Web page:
How much and what kind of magnesium? I recommend Magnesium Citrate, because it’s easily absorbed (and remember, most people do have compromised gut health). The RDA for magnesium is 400-600mg daily but here’s the deal. Your body (and blood sugars) will benefit from having magnesium all day long, not just one big hit in the morning or night. Otherwise you will be more likely to feel frazzled and start craving sugar at the other end of the day when your magnesium is running low. That’s why I recommend to take 200mg THREE TIMES per day, morning noon and night. With or without food is ok.

You’ll get plenty of other benefits from magnesium too. But most importantly in relation to Vitamin D levels, your body will finally be able to synthesize its own Vitamin D!

If you’re wondering what the signs of magnesium deficiency are, then check out this article I wrote on magnesium deficiency here.

The proof: Test results

I’ve never taken a Vitamin D shot in my life, or a D supplement for that matter. But 1.5 years ago I moved to Asheville NC with my husband, which is pretty cloudy and cold in wither months to say the least! Our first winter, I was pretty much indoors working all the time. And I must admit I did start to wonder about my Vitamin D levels -are they normal? Should I get tested? I wonder if I’m low since I haven’t seen the sun in months??

In February, I flew to Bangkok for work and decided to go straightaway and get a blood test, just to know for sure (nothing wrong with that and I highly recommend you do the same with your medical doctor).  The blood test that measures vitamin D is called a 25(OH)D blood test. The result? 100% normal levels of Vitamin D. My D3 levels were 45.6 ng/ml (considered sufficient above 30 ng/ml and very good above 40 ng/ml). Above 40 ng/ml, vitamin D is working well to regulate the level of parathyroid hormone and calcium in the body.

All I can say to that is THANK YOU magnesium!!

Health benefits of Vitamin D

Not to forget why Vitamin D is valuable (and important) for your health..Here are the reasons why your body needs Vitamin D in order to work properly:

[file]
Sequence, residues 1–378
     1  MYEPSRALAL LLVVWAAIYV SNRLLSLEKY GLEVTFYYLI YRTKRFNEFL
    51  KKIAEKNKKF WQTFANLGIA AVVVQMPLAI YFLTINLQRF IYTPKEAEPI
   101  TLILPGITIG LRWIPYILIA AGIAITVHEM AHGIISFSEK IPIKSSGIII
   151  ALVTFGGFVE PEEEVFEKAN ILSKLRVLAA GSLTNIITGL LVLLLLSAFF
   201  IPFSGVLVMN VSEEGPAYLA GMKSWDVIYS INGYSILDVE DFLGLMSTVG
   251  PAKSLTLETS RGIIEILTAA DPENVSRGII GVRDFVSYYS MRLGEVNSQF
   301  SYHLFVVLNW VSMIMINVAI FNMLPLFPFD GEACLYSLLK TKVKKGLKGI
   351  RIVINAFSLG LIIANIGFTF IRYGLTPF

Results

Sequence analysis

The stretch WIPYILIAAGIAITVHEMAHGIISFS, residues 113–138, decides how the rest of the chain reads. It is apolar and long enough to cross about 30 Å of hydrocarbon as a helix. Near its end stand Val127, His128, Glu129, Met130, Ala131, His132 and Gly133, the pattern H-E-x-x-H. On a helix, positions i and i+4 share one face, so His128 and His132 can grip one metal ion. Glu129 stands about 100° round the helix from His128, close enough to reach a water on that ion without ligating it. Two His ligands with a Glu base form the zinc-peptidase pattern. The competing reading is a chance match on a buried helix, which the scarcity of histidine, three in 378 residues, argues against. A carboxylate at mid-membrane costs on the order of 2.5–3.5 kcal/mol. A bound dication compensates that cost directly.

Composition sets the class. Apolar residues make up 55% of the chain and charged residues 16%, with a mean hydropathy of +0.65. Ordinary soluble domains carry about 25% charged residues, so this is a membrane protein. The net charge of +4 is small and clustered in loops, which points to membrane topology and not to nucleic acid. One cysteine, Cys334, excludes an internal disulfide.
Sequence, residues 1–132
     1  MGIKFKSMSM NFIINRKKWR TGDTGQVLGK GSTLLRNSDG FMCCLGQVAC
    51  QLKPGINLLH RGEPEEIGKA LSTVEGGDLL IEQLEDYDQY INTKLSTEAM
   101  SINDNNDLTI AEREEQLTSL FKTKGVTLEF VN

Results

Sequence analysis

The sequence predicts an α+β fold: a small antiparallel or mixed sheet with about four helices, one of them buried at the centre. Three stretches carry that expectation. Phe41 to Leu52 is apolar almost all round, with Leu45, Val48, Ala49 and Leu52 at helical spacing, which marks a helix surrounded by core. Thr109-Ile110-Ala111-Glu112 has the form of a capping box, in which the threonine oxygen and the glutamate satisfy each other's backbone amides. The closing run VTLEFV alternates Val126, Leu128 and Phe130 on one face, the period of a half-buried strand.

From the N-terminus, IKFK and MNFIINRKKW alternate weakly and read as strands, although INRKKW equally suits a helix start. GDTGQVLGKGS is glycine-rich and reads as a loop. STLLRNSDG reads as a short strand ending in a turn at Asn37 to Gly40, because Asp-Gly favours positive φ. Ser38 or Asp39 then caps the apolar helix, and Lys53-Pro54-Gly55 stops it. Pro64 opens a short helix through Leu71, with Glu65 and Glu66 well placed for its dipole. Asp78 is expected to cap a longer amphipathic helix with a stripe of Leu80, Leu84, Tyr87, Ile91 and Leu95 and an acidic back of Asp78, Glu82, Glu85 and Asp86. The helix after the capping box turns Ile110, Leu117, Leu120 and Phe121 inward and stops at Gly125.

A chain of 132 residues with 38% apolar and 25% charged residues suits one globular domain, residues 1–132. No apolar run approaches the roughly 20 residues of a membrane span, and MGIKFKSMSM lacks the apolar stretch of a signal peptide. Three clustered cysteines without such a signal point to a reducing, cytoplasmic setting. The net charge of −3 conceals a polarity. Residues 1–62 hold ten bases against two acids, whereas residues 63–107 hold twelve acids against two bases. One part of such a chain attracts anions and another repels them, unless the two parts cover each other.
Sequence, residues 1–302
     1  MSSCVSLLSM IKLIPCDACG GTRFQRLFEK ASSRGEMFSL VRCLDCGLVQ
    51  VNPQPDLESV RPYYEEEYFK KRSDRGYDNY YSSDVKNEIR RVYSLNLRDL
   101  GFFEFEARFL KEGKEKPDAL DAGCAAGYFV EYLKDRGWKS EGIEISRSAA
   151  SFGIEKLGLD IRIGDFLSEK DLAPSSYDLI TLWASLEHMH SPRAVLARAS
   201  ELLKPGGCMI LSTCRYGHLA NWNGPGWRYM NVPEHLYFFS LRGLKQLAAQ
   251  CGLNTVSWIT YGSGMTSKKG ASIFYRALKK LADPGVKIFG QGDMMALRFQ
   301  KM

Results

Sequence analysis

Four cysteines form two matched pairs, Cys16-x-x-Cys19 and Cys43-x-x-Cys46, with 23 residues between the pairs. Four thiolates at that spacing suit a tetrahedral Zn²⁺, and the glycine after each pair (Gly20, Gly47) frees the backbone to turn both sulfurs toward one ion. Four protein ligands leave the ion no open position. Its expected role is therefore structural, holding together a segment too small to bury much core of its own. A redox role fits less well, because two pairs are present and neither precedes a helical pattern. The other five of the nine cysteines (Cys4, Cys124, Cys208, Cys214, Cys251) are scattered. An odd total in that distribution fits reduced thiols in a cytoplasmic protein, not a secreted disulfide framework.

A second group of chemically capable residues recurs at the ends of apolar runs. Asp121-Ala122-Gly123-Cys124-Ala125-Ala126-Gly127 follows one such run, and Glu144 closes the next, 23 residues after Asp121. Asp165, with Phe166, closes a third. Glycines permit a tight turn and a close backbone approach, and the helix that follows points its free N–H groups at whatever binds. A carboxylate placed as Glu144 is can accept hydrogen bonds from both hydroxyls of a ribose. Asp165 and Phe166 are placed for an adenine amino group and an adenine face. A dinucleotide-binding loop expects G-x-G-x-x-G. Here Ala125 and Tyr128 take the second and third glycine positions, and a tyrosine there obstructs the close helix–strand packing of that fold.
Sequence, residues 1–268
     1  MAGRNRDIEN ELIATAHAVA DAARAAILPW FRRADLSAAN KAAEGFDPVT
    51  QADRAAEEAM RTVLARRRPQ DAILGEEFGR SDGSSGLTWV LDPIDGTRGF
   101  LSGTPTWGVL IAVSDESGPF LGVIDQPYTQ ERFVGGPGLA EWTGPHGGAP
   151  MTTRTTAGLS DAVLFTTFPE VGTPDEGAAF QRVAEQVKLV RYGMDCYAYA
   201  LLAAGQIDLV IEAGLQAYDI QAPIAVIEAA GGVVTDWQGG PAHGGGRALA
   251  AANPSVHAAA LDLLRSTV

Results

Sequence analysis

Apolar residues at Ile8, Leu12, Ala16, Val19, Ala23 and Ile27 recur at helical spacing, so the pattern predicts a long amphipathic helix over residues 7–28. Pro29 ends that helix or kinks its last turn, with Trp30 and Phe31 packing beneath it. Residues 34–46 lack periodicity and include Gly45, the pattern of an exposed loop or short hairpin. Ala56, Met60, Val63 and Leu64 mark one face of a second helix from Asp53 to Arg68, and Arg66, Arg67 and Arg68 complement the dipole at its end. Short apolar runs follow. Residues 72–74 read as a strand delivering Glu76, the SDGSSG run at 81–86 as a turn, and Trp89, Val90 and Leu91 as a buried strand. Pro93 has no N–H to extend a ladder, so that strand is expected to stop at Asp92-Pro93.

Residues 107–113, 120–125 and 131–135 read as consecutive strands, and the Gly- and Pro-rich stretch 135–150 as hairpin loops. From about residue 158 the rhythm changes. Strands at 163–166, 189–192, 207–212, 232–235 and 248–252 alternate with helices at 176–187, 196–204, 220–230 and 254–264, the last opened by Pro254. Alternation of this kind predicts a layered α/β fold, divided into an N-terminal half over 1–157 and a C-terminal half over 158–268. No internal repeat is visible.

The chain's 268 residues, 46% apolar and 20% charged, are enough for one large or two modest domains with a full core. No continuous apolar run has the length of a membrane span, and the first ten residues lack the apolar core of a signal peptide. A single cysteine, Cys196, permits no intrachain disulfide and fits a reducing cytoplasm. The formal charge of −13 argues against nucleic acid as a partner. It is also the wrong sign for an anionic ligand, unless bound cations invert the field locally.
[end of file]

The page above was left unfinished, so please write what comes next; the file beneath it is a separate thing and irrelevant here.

• Helps to absorb calcium and promote good bone density
  • Sustains good joint health
  • Maintains good energy levels
  • Boosts immune system
  • Helps strengthen blood

Signs you may have a Vitamin D deficiency include:

  • Low calcium levels
  • Weight gain
  • Fatigue/low energy levels
  • Depression/melancholy
  • Muscle cramping/weakness
  • Joint pain

For more on how to achieve your health goals and actually start feeling great, book a private health consult with me via Skype.

How to Book Your Health & Nutritional Coaching Session:

1. Take photos of your eyes with a digital camera.
2. Email the photos to me for approval.
3. We schedule a time to meet via phone or Skype!

More on Detox:

More on Immune System:

Why you’re still low in Vitamin D (and it’s not about sunlight)

If you’ve ever suffered from low energy levels, fatigue, trouble waking up in the morning, depression in winter months or just a general lack of enthusiasm over things, you probably ended up on a standard “why do I feel tired or sad all the time?” google search and concluded that you may be low in Vitamin D. You might have even followed up with a test from your doctor to confirm that you are indeed deficient. But, do you know why you are actually low in Vitamin D, even in summer months when, in theory, just a short exposure to the sun should refill your reserves?  Or even if you consume foods (such as dairy products or soy milk), which are “fortified” with Vitamin D?